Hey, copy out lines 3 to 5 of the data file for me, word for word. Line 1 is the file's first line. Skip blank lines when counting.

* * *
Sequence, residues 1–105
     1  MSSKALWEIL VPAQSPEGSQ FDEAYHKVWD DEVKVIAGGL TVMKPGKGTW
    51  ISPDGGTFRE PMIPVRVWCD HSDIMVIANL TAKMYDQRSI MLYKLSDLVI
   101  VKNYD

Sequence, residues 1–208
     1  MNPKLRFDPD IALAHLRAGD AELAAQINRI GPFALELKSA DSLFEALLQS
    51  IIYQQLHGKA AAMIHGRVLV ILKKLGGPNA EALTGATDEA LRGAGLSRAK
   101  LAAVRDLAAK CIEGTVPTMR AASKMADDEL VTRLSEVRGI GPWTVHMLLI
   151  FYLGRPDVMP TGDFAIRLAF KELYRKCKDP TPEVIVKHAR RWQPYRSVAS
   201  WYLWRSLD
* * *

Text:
    51  ISPDGGTFRE PMIPVRVWCD HSDIMVIANL TAKMYDQRSI MLYKLSDLVI
   101  VKNYD

Sequence, residues 1–208